As I shared earlier this month, I've officially been running Chaotic & Collected Stationery for one whole year. Sometimes I kind of can't believe it. Sometimes I can't even believe I had the guts to start it in the first place. Putting your work out there like that is hard, you guys. And I'd be lying if I said I didn't have my moments when I just wanted to give up. But I didn't (probably because Mr. T told me not to). But I'd also be lying if I said I haven't had any fun. I've also learned a ton. Here's what I learned in my first year of running my own business.
1. You need to treat it like a real business
This is something that I'm still working on. It's hard. Working for yourself. I make my own deadlines so I can determine when to do stuff or when not to. I also work from home. So, if I want to go out to lunch or run errands or nap on the couch or do anything other than working on my business, I can. And no one really suffers except me. Well, technically the people who like my stuff will suffer, but you know what I mean. So you have to treat it like a real job and a real business because it is. Now I usually get up and start my day with coffee and breakfast with Mr. T (including a little snuggle time with Brooklyn on the couch). Then, after Mr. T gets out of the shower, I shower and get ready for my day. I usually try to give myself office hours. Then I can schedule other things around it. I also set goals so I know what I need to do. Overall, I try to not think of my time in my shop as expendable. Sure, I can switch things around, but I still need to meet my goals and do what needs to be done.
2. It's a struggle
Nothing about this is easy. Jury is still out on if it will ever be easy. But for real you guys, it's hard.
3. Likes are awesome, but doesn't make you money
That sounds bad, but let me explain. Likes are important. Every time someone likes something I made, I get giddy warm fuzzies. If that's even a thing. Some days the likes are the things that keep me pushing through. But if they're not turning into sales, you're only half way there. So you have to figure out how to turn those like into sales and that's something I'm still working at (it's likely something I'll always work at).
4. You're going to put a lot of money up front
Ok. Maybe not a lot, but some. I'll confess, I haven't broke even yet. Some days I hate that my business is draining us financially, but there's simply no other way to do it. As you work to grow and develop your craft, you're going to need some cash. I try to be smart about it. I have a budget and plan purchases in advance. I take full advantage of sales and I really think about what I need versus what I would like to have.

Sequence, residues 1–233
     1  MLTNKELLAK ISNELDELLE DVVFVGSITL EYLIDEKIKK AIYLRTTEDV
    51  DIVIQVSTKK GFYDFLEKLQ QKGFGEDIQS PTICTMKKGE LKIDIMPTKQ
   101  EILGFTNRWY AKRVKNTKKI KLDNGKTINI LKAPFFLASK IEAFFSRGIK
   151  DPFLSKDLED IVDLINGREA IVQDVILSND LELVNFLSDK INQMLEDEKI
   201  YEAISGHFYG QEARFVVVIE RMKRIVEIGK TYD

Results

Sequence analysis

5. You're going to make a ton of mistakes
I've made little mistakes, like doing a giveaway and not saying it was only open to US residents (ouch) and I've made big ones, like ruining a reams of cardstock and a part that goes to my die cutting machine (luckily neither was too terrible to replace). But each mistakes makes me better. Better at my craft. Better at my business. Mistakes are your friend. Not your enemy.
6. You're going to learn a lot
About yourself. About your business. About others. Embrace all of it.
7. Your business will take its own shape
When I first started my business, party kits weren't on my mind. Now it's the bulk of what I do. I just thought about it one day and ran with it. My items have also changed. Mr. T always tells me that each item I make is even better than the last. Hell, my whole shop is different from when this whole thing started. I originally wanted to do weddings and invitations. Your business might start to do its own thing. And things you never even thought of will emerge and start to make sense. Let it. (Just make sure to help guide it)
8. You're going to have to be OK with putting your soul out there but maybe getting nothing back
Starting a business is risky. Duh. Thanks, Mrs. Obvious. But really. You might put everything you've got out there and everyone will hate it. You might hate it. But it's way better to try and suck really bad than to never try.
9. You're going to have to make sacrifices
The biggest sacrifice Mr. T and I have made is in the finance department. I left a pretty well-paying job. And, if we were in the Midwest and I was making what I made at my former jobs and he was making what he makes…well…I try not to think about it. Instead I just remind myself that if I was working that job, we probably wouldn't be where we are and Mr. T wouldn't have the job he has. A job he loves and is so great at. So perhaps this whole business thing is perfect for both of us. And the sacrifices we make are totally worth it.
10. Sales take time
This was one of (and still is) the hardest things for me. I don't know what I expected. If I thought I'd list a few things and people would buy everything or what. But it might be several months before you get a sale and that’s normal (at least that's what everyone says).
11. You started this while thing for a reason
I started my business because I had an idea. A desire to create. I found something I was good at and something I thought people would love. I feel good when I'm creating. It makes my day brighter. My world brighter. I truly feel it was my calling. And I was done with the corporate world. I often need to remind myself of that so I don't lose sight of it.
12. You're going to cry, feel terrible, and be discouraged
I don't think I need to elaborate on that.
13. Doing what you love and what you want is 100% worth it
Through all of the frustration, tears, fear, stress, and any other negative emotion you can think of, I get to do what I love most in this world - create. I get to be my own boss. I get to do the things I'm best at. And it's awesome.
PS. Don't forget I'm having a sale all month long!! Check out this post here for more details.